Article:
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Team Offers Promising Method for Water-Stressed Areas
Indiana Ag Connection - 08/09/2018

Purdue University researchers have developed a method to detoxify water with chlorine and ultraviolet radiation, which may provide new hope for water-stressed areas and help promote the reuse of wastewater.

The Purdue team developed a method for selectively degrading and detoxifying amines, organic compounds derived from ammonia that are common in water supplies. Amines include a number of compounds that can be toxic to humans and other animals.

"Climate change and increasing human populations are mandating changes in water use patterns, including water reuse and the use of water supplies that were previously identified as being of marginal or poor quality," said Ernest R. Blatchley III, a professor in Purdue's Lyles School of Civil Engineering and the Environmental and Ecological Engineering, who led the research. "As human populations increase their reliance on these water supplies, the need for effective, selective water treatment methods will increase."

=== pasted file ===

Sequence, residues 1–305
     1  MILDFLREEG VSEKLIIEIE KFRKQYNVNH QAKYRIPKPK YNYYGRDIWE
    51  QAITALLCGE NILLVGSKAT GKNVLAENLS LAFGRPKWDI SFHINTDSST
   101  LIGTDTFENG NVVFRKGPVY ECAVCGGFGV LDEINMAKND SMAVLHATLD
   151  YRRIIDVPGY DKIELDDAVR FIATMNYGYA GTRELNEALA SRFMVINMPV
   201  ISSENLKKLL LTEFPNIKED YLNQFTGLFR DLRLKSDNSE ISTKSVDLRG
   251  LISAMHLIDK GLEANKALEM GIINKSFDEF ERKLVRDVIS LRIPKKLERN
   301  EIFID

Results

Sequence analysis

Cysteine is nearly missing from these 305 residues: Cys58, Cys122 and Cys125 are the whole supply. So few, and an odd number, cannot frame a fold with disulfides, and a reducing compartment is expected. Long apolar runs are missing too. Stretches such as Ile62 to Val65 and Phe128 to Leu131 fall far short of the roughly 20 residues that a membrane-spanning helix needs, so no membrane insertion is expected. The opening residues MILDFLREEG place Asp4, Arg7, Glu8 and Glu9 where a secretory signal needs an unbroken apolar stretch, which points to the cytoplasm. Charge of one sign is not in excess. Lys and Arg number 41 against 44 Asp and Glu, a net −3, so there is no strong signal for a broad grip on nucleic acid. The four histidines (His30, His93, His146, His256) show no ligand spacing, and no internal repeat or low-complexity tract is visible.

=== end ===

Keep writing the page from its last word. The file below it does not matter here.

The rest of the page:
The novel method developed at Purdue allows for selective degradation of amines. Pre-chlorination activates amines to subsequent UV exposure, which then promotes the degradation of the compounds and the reduction of toxicity.

"Our discovery in helping to provide more people with access to clean water is taking common elements of water treatment like UV radiation and chlorine and using them in a new way," Blatchley said. "Conventional water treatment methods are generally ineffective for removal, degradation or detoxification of these compounds. Our method allows current treatments to be modified to provide cleaner and safer water."

Water reuse, the use of treated municipal wastewater as a source water for applications ranging from irrigation to drinking water, also is becoming of increasing interest in water-stressed areas, such as the U.S. Southwest. Reuse applications generally involve water sources that are compromised and likely to contain relatively high concentrations of amines.

The method developed at Purdue also may have applications for the treatment of swimming pool water.

Another unique characteristic of the Purdue method is the ability to target the amines in a selective way so that other necessary compounds in the water system are unaffected or minimally affected.

Researchers are working with the Purdue Office of Technology Commercialization to patent the system. The technology is available for interested partners to license it.

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